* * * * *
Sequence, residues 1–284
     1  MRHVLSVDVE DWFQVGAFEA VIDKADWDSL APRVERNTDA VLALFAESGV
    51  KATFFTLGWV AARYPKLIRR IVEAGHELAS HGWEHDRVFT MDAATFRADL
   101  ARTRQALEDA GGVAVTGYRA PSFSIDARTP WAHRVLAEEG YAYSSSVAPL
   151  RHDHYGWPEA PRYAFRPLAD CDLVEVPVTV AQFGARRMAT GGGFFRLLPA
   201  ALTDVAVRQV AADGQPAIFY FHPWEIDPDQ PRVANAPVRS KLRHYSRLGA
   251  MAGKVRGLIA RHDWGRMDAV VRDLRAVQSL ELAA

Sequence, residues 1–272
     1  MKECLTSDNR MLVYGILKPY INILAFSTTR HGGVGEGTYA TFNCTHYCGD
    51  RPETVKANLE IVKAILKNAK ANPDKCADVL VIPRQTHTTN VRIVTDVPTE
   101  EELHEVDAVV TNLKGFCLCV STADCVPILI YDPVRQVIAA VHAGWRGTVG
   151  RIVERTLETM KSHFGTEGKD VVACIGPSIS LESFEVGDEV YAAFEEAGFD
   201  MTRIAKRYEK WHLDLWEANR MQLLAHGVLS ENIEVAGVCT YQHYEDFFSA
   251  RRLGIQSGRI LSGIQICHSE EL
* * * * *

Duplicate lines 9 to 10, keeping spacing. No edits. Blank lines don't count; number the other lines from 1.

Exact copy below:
     1  MKECLTSDNR MLVYGILKPY INILAFSTTR HGGVGEGTYA TFNCTHYCGD
    51  RPETVKANLE IVKAILKNAK ANPDKCADVL VIPRQTHTTN VRIVTDVPTE